This piece was originally published by POLITICO and edited for length, read the full article here.
This year's COP25 summit has one major job — finalize the working of global carbon markets under the Paris climate agreement.
The issue is turning into a bare-knuckle fight with national ministers now in Madrid for the final week of negotiations.
The latest draft of the rules for such markets was released late Monday.
The idea is, at its core, straightforward — to use the power of markets to help deal with global warming.
Carbon markets are mentioned in Article 6 of the Paris Agreement — taking up less than two pages of text — but the details weren't spelled out in Paris in 2015 because negotiators failed to agree. They also deadlocked at last year's COP24 summit in Katowice, Poland.
The rules negotiated in Madrid are meant to allow an accounting system to register when countries with high levels of pollution buy emissions permits from better performers to make up shortfalls. They're also supposed to establish a new international mechanism to trade credits from investing in climate projects such as building a wind farm, planting a forest or funding water filters.
If properly crafted, carbon markets can cut emissions by boosting investments in climate-friendly projects.
The International Emissions Trading Association, whose membership includes many big emitters like cement, oil, gas and energy industries, says that trading emission reduction projects “could yield cost savings in the order of $249 billion per year by 2030, $345 billion per year by 2050 and $988 billion per year by 2100."
Trading credits could also generate carbon market values “of about $167 billion in 2030, $347 billion in 2050, and $1.2 trillion in 2100," it said.
The trick is crafting airtight rules.
One concern is over how countries calculate their emissions. They might be tempted to set very low emissions thresholds and then sell off surpluses, but that defeats the larger purpose of the exercise — halting global warming. To prevent that, negotiators need to set common accounting standards.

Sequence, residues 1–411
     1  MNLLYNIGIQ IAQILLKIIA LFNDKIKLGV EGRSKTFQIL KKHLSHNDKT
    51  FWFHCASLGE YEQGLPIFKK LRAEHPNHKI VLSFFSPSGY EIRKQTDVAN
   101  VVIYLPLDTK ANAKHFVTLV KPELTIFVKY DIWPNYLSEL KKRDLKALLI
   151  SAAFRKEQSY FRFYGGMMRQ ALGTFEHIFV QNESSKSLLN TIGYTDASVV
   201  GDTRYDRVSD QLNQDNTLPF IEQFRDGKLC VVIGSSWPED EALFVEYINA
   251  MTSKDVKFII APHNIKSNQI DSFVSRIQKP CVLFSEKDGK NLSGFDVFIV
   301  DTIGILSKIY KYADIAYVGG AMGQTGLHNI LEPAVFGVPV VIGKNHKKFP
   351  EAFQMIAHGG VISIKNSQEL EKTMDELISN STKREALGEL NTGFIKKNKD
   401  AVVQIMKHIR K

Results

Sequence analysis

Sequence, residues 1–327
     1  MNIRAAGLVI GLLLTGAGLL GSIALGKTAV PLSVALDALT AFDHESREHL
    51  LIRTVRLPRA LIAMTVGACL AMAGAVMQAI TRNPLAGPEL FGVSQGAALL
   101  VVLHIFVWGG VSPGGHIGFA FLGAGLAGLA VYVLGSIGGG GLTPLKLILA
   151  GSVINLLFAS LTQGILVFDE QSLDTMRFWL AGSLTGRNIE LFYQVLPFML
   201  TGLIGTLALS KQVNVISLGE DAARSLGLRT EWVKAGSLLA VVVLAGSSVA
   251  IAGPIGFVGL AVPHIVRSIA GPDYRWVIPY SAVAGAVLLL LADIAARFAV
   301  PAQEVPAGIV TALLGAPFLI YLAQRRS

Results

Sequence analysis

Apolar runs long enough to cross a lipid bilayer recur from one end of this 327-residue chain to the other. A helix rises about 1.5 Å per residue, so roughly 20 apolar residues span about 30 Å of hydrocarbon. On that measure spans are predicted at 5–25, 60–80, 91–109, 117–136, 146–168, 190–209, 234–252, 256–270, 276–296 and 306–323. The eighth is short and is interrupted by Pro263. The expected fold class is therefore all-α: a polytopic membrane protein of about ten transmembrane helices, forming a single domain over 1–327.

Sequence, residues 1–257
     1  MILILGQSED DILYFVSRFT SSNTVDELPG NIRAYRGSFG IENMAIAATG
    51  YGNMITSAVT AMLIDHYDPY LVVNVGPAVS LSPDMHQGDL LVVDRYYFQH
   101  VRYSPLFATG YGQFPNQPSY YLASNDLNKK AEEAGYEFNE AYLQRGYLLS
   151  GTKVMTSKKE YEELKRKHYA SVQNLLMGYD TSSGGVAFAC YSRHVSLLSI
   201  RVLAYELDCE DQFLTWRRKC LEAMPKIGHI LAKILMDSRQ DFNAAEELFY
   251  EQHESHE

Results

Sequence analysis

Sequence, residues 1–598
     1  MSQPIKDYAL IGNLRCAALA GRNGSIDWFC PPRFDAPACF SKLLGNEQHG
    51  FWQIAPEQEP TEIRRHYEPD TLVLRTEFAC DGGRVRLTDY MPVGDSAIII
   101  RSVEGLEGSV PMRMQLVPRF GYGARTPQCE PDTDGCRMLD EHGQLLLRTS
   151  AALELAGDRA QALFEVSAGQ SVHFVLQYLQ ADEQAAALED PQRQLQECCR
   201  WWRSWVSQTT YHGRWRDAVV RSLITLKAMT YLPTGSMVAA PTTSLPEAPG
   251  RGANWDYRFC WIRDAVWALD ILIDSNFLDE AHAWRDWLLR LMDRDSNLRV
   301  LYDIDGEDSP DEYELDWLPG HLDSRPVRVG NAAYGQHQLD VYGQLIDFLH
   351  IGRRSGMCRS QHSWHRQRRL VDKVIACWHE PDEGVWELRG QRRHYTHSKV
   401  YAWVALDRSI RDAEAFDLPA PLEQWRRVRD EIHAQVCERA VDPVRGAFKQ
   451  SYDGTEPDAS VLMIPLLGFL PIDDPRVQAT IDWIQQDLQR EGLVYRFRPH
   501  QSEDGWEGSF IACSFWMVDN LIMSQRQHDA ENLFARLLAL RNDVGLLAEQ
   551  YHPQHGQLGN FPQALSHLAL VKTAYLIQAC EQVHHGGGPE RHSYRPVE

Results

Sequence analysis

Then there should be certainty that the emissions reductions are real.
“You want the private sector to pay, you have got to give the private sector something, they don't just write a check. They want a credit as a reward for their investment," said Jeff Swartz from South Pole, a for-profit company working on climate action projects.
Talks have bogged down over how credits should be counted.
Brazil — home to the world's largest tropical forest, and keen to be the target of a lot of climate mitigation projects — wants to make it possible that buyers and sellers of carbon credits both claim the emissions reduction.
The EU is adamant that it won't allow such “double counting."
Brazil, meanwhile, argues it wants to strike a deal. “It's not trivial what we're trying to do. It's not easy, either," Marco Tulio Cabral, the foreign ministry's top environmental official, said in Madrid on Tuesday. “As far as we are concerned, we came here with a very constructive spirit. We want to have a deal here, and if it doesn't happen it will not be for Brazil."
Projects should also ensure that vulnerable people aren't hurt.
Environmental campaigners and indigenous groups are fighting to ensure the carbon rules include references to human rights and a system that allows communities to voice grievances about proposed projects.
Chile's COP presidency is keen to bring the summit to a successful conclusion at the end of the week — or Saturday if negotiations spill over, as they did in Katowice when carbon market negotiations nearly blew up talks.
Major players such as the EU are on board with striking a deal, but not at any price.
“We don't want to push it over another time; there is political will to wrap it here … but not at any price," said Jochen Flasbarth, state secretary in the German environment ministry, adding that the EU “won't allow for tiny holes."
That could push the issue to next year's COP26 in Glasgow.